The iPad app has also been updated to allow browsing the local ad, tapping on advertised products to view more information and buy online or in-store, and accessing product recommendations.
Last month, @WalmartLabs completed the “Get On The Shelf” program that allowed the public to vote for products they wanted to see sold by Wal-Mart. More than 1 million votes were entered at www.getontheshelf.com  for 4,000 entrants who submitted videos for products ranging from household wares and children’s toys to organic food and green items. The three winners — HumanKind Water, PlateTopper and SnapIt Eyeglass Repair Kit — will be available at Walmart.com, and HumanKind Water will also be on physical shelves in select Wal-Mart stores soon.
Low Sales Base
For all of its recent e-commerce efforts, Wal-Mart remains at a low base of online sales. Citigroup estimated that Wal-Mart’s online sales in 2011 were 1% of total revenues — in percentage terms more than conventional grocers such as Safeway  (at 0.4%) but less than competitors like Target  (2.1%) and Costco  (2.4%) and well below department stores like JCPenney (8.9%) — leaving “a significant opportunity” for growth. (Kantar Retail, London, recently put Wal-Mart’s online share of sales at 2%.)
IHL’s Holman concurred with Citigroup’s expectations for Wal-Mart’s online sales, which he estimated to be $9 billion worldwide, a distant fourth place behind Amazon’s $48 billion. “Wal-Mart doesn’t like to be ranked second in anything,” he said. “We expect to see that $9 billion number get eclipsed quickly.” He pointed out that most of Wal-Mart’s online revenue comes from the U.S., U.K., Canada and Brazil, “but keep an eye out for China as they take a larger [51%] stake in [online retailer] Yihaodian.”
In terms of food sold online, Walmart.com offers a wide array of packaged products on www.walmart.com, but not fresh foods like loose produce or refrigerated meats. Last year, however, Wal-Mart launched “Walmart To Go,” a limited test of online grocery delivery that includes the city of San Francisco and most cities on the peninsula between San Francisco and San Jose. The test allows customers to visit Walmart.com to order groceries and consumables found in a Wal-Mart store — fresh produce, meat and seafood, frozen, bakery, baby, over-the-counter pharmacy, household supplies and health and beauty products — and have the items delivered to their homes. Shoppers can opt to pick up online orders in stores or at Fedex locations, and receive text alerts when orders are ready.
Wal-Mart may also be looking at Asda, its U.K. subsidiary, which has a full online grocery program that “is considered adaptable to the U.S.,” said Bernard Sosnick, an analyst for Gilford Securities, New York. “That is why tests are being conducted [in the U.S.].”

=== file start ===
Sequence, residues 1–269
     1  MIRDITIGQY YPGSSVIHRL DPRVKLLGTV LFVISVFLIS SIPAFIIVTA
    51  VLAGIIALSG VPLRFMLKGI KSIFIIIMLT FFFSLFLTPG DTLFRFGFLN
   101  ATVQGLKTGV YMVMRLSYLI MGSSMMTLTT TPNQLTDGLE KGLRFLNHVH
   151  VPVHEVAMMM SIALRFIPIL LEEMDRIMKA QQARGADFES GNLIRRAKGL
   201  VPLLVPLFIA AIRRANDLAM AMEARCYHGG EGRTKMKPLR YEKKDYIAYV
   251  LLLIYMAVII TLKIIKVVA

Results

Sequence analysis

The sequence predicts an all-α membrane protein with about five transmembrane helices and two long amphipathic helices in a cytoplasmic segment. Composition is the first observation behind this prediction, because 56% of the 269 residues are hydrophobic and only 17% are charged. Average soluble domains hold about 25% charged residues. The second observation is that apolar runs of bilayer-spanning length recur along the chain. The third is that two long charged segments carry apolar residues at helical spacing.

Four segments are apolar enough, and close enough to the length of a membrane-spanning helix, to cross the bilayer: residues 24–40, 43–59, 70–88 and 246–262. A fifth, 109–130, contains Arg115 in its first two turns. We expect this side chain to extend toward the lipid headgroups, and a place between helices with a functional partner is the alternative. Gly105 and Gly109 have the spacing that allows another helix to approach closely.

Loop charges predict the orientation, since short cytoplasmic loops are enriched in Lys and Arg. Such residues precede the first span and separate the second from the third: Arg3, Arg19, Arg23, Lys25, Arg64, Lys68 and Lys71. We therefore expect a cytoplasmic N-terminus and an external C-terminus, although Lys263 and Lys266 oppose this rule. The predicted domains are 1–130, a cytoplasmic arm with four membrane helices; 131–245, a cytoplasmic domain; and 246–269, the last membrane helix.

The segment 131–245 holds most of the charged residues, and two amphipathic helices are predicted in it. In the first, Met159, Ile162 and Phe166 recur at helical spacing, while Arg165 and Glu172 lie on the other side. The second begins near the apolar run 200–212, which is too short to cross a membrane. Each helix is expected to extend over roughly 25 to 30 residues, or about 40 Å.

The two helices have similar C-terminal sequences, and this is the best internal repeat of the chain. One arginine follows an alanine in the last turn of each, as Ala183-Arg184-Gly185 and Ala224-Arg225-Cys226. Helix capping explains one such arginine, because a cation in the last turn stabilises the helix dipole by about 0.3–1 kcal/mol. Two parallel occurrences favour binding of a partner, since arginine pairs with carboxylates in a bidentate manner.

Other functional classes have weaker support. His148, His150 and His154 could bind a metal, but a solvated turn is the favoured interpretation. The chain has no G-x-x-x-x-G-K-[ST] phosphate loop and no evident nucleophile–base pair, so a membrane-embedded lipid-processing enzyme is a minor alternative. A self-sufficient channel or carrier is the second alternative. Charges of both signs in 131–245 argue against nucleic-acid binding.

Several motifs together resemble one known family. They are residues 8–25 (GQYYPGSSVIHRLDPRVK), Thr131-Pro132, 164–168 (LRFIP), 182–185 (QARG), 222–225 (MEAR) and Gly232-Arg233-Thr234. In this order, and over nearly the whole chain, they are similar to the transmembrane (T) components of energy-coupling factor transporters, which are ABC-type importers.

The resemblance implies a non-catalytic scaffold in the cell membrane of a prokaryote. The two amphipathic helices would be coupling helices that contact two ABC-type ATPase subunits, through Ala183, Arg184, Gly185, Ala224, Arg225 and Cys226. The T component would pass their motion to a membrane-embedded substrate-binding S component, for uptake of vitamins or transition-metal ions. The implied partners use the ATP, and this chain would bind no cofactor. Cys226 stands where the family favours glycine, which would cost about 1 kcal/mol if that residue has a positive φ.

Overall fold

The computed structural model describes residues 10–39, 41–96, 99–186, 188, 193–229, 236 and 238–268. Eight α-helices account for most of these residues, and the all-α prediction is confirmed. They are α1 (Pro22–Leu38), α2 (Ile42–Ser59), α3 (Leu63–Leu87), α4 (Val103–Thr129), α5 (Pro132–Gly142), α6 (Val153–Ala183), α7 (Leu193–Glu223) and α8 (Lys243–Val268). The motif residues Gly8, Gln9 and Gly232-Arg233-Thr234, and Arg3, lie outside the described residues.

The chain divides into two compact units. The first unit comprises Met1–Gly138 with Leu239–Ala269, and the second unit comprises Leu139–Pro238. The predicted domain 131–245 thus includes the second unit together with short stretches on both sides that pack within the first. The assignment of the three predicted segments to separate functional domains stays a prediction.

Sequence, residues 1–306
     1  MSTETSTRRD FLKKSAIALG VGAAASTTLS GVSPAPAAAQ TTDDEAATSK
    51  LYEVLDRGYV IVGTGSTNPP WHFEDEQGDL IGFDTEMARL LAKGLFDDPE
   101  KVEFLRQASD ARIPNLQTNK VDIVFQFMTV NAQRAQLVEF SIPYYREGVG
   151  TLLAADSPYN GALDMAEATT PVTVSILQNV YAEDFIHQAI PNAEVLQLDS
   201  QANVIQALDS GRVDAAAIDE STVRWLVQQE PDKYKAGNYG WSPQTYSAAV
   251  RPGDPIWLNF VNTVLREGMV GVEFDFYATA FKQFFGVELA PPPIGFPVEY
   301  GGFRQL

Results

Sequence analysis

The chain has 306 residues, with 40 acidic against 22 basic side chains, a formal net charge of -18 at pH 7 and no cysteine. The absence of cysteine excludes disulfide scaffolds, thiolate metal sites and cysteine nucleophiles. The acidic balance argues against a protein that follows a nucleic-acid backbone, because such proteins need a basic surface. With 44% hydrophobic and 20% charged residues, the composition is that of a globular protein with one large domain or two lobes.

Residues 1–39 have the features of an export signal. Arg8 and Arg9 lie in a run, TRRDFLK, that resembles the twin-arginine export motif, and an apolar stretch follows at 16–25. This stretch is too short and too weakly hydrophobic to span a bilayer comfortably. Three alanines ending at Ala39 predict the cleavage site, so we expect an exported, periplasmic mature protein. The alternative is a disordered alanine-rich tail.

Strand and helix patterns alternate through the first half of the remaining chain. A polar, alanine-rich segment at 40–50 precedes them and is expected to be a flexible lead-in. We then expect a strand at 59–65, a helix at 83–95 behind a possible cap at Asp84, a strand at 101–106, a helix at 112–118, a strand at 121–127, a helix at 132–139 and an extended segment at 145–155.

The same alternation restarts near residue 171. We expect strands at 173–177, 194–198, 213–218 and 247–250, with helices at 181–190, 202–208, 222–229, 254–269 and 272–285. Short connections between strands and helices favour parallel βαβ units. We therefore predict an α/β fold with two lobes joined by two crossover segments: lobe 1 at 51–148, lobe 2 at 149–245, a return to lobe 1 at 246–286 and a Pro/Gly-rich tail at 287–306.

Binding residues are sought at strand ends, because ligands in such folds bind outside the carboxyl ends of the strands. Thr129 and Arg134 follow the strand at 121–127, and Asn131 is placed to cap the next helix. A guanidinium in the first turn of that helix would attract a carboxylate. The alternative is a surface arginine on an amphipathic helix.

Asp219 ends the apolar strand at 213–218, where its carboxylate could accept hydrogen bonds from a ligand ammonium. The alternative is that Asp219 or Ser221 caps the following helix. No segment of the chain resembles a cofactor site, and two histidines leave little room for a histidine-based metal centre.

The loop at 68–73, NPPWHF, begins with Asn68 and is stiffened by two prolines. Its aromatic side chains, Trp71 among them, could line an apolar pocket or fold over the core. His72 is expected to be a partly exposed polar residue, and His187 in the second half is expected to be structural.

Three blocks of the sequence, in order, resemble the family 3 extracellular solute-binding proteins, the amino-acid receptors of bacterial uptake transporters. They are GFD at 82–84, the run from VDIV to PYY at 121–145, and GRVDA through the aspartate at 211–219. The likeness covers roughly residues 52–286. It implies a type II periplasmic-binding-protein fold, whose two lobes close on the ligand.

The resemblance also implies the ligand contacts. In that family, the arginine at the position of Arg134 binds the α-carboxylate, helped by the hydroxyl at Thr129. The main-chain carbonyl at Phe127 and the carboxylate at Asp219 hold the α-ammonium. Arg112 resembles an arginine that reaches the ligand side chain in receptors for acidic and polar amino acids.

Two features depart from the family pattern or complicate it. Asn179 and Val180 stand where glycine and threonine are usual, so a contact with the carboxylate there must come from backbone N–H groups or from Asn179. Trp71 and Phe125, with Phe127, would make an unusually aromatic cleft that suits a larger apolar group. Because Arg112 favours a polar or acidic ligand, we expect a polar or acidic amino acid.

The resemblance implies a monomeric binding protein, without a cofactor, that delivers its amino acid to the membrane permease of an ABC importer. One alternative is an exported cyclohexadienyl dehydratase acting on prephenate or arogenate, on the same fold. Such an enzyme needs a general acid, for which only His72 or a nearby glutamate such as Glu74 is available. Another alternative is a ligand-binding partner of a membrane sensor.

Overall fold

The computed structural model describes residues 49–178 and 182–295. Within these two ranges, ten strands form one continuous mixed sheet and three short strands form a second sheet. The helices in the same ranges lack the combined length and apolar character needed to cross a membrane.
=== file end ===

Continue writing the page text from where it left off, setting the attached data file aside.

A recent innovation is “pay with cash,” launched in late April, which lets customers purchase items at Walmart.com and pay with cash at all U.S. Wal-Mart stores, including Neighborhood Markets. With this program, Wal-Mart is the “first major retailer to offer online purchases without need for banks, credit, debit or prepaid cards,” said spokeswoman Lester. Already, she added, cash orders represent 2% of online sales, and nearly 30% of cash customers are new to Walmart.com. In addition, online basket sizes are 50% larger when customers use cash; baby products are among the top-selling online items purchased with cash.
While Wal-Mart stresses the integration of its store and digital strategies, each would appear to be catering to differing shopper types, noted Holman. “In some circles, the prevailing caricature of a Wal-Mart shopper is that of someone who tends to be unsophisticated,” he said. “The embracing of technologies associated with mobile/social/ec-ommerce, however, is aimed at customers who have at least a modicum of technical know-how.” From that standpoint, he concluded, Wal-Mart is striving to reach “a broader range of customer.”
That notion was buttressed by a recent Kantar Retail pricing study suggesting that shoppers at Walmart.com were willing to pay 7% higher prices for edible grocery, non-edible grocery, HBA and GM items than shoppers at a Wal-Mart Supercenter. (Amazon.com shoppers paid 20.5% more than Supercenter shoppers.)
On the other hand, Wal-Mart shoppers may not be that far behind more digitally savvy consumers. Balaraman of @WalmartLabs said about 40% of Wal-Mart shoppers use smartphones, compared with 49.7% of U.S. mobile phone subscribers, according to Nielsen.